The Project Gutenberg EBook of The Land of Lure, by Elliott Smith

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Title: The Land of Lure
       A Story of the Columbia River Basin

Author: Elliott Smith

Release Date: August 7, 2011 [EBook #36999]

Language: English

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Tacoma, Wash.

Copyright, 1920


Although I was one of those who "Tried, failed and went away to try and forget, if possible," her unfaltering faithfulness, and endurance, made it possible for me to see and feel the things that I have written in this—HER BOOK.


Misshapen and dwaft by the pitiless rays of the desert sun.


Chapter I. 9
Chapter II. 20
Chapter III. 29
Chapter IV. 37
Chapter V. 42
Chapter VI. 57
Chapter VII. 64
Chapter VIII. 70
Chapter IX. 80
Chapter X. 90
Chapter XI. 96
Chapter XII. 104
Chapter XIII. 113
Chapter XIV. 123
Chapter XV. 136
Chapter XVI. 149
Chapter XVII. 163
Chapter XVIII. 179
Chapter XIX. 193
Chapter XX. 206
Chapter XXI. 223
Chapter XXII. 236

[Pg 9]

The Land of Lure


The early March wind was blowing with its usual force, and white wisps of clouds were scurrying across the barren waste that lay between the rough canyon, through which the raging torrents of the Columbia River forced its way to the Pacific Ocean, and the range of hills thirty miles farther south. The clouds seemed to mount higher, and take on greater speed, while crossing this scene of desolation, and graveyard of buried hopes, as if anxious to leave behind them the glare of the desert sands, and the appealing eyes of the few unfortunate homesteaders, who were compelled to remain on their claims until they had complied with the demands made by a beneficient Government before they could become sole owners of the spot upon which many of them were now making their last efforts for a home of their own.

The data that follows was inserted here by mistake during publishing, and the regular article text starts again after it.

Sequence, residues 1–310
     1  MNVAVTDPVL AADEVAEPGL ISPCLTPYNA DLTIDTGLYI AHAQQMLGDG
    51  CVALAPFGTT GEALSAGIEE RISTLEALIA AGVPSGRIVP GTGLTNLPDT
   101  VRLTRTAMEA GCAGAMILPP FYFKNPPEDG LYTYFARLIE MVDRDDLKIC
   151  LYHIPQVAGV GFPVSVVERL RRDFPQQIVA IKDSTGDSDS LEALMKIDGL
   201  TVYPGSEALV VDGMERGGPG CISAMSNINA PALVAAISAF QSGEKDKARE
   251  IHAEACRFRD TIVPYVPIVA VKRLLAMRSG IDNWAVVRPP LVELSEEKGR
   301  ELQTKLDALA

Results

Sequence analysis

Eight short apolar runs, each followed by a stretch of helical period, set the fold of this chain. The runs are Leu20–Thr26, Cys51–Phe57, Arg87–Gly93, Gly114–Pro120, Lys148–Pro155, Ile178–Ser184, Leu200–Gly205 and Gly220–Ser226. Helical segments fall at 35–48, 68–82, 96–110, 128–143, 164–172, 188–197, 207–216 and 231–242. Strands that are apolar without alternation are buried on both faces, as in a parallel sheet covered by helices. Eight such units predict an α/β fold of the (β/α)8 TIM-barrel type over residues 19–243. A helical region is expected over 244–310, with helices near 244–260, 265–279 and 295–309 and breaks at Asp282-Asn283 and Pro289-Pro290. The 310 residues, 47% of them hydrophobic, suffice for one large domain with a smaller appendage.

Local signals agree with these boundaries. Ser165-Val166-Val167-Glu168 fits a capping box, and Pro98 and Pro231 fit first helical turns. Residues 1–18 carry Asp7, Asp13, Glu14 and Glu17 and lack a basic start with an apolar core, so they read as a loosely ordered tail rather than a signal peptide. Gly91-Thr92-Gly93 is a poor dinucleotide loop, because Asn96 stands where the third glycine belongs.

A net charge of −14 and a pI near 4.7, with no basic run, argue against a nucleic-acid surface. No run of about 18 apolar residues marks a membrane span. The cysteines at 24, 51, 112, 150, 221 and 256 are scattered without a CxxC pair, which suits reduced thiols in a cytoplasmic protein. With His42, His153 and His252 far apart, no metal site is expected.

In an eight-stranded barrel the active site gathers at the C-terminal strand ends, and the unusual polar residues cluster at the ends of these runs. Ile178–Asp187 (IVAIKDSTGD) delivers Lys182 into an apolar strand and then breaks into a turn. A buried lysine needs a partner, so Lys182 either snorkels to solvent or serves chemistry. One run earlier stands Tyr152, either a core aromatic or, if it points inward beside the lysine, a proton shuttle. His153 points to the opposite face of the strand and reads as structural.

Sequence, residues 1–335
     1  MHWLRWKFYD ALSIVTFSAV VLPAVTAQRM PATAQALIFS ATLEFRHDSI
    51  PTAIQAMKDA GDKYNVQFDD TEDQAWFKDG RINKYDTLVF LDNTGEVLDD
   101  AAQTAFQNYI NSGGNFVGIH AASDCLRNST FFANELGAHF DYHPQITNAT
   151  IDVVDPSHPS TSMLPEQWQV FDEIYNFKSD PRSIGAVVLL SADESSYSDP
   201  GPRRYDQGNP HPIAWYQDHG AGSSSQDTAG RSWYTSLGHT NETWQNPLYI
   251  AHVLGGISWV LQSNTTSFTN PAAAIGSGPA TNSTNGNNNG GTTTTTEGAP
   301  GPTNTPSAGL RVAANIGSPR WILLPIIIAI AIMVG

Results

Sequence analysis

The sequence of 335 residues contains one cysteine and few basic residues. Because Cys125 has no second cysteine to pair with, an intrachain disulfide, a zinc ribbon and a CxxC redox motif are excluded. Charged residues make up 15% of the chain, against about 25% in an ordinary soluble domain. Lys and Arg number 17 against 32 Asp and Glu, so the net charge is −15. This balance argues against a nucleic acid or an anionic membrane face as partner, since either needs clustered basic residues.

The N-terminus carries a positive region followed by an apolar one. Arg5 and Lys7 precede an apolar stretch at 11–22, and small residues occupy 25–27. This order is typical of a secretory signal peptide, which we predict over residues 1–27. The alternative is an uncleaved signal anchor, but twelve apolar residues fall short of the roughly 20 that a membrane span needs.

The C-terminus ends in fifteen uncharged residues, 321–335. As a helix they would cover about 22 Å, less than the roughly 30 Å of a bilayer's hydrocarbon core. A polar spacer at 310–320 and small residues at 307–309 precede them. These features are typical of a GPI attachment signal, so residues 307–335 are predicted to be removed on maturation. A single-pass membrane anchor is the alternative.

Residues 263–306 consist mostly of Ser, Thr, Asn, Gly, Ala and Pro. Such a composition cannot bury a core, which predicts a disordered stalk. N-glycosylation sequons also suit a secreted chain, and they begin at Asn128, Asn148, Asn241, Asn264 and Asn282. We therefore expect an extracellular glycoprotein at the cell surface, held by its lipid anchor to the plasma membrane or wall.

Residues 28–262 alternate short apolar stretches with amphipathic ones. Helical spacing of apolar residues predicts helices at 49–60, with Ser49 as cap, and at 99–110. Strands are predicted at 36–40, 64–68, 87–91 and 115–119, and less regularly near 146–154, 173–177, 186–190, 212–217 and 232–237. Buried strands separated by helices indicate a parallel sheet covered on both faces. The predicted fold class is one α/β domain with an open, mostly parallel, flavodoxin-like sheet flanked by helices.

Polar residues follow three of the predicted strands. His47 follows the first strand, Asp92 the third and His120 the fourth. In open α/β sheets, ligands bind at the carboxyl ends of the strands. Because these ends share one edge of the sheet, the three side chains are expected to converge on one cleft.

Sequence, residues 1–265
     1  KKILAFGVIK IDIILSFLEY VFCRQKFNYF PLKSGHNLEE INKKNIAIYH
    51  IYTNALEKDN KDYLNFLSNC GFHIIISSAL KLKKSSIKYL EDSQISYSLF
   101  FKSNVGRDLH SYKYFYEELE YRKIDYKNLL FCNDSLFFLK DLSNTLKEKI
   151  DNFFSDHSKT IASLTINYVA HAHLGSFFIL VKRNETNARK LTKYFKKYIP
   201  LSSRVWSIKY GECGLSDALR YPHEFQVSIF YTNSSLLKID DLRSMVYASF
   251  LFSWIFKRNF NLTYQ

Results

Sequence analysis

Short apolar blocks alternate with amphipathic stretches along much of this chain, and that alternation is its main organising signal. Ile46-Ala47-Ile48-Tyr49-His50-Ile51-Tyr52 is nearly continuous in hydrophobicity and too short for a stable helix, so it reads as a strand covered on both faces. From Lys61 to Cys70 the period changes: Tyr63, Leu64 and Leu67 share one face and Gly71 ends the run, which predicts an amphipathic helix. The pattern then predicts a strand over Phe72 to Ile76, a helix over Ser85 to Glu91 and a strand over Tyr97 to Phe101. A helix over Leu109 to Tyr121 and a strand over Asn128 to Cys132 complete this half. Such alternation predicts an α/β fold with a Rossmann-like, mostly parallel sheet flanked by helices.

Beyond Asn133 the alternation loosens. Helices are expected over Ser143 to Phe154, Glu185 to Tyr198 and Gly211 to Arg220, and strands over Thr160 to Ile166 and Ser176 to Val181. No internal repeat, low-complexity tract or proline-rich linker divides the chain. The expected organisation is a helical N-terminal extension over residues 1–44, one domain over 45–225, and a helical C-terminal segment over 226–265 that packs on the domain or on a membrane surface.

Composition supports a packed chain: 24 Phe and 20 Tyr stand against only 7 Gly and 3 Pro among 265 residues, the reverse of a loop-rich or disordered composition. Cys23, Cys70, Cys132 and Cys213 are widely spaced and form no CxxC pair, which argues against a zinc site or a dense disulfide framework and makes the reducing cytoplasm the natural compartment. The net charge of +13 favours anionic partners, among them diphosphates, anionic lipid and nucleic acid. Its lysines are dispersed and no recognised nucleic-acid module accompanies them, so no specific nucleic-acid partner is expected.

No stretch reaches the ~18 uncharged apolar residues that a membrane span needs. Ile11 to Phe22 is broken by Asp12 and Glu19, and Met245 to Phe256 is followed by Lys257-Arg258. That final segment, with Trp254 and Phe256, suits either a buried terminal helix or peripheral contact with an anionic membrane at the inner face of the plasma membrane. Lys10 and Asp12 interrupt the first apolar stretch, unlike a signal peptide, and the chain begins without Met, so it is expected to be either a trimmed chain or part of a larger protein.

The ever present sage brush and tufts of scant bunch grass, dwaft by the ages of drouth and the pitiless glare of the hot sun's rays, bowed before each gust of the sand ladened wind and emitted weird and unearthly sounds, as if the deported denizens of[Pg 10] the desert were warning the white man against the hopeless task of trying to wrest from the jack rabbit and coyote the haunts over which they had held undisputed sway for ages.

Deserted shacks, formerly the homes of earlier settlers, broken fences posts, with tangled strands of barbed wire, each told their story of a struggle for existence, defeat and departure, more pitiful than all the stories of Indian massacres ever written. Here was a battle field, the opposing forces being poverty, courage and determination, arrayed against the elements.

Reinforcements, in the way of hardy homesteaders, were being constantly drawn into this unequal contest, armed with no other weapon than the ever abiding hope that nature would so alter her laws as to conform to this particular locality, lured by the sound of those magic words: "A home of your own," were ready to come into this deserted territory and take up the legacies of blasted hopes, equipped with new ideas, and seemingly fortified by the unfortunate experiences of others who had made the trial, failed and gone their way to try and forget, if possible, the ordeal through which they had passed. Trusting that the touch of the magic wand, in the form of irrigation, would cause the crystal water to flow, and convert the region into a garden of untold wealth.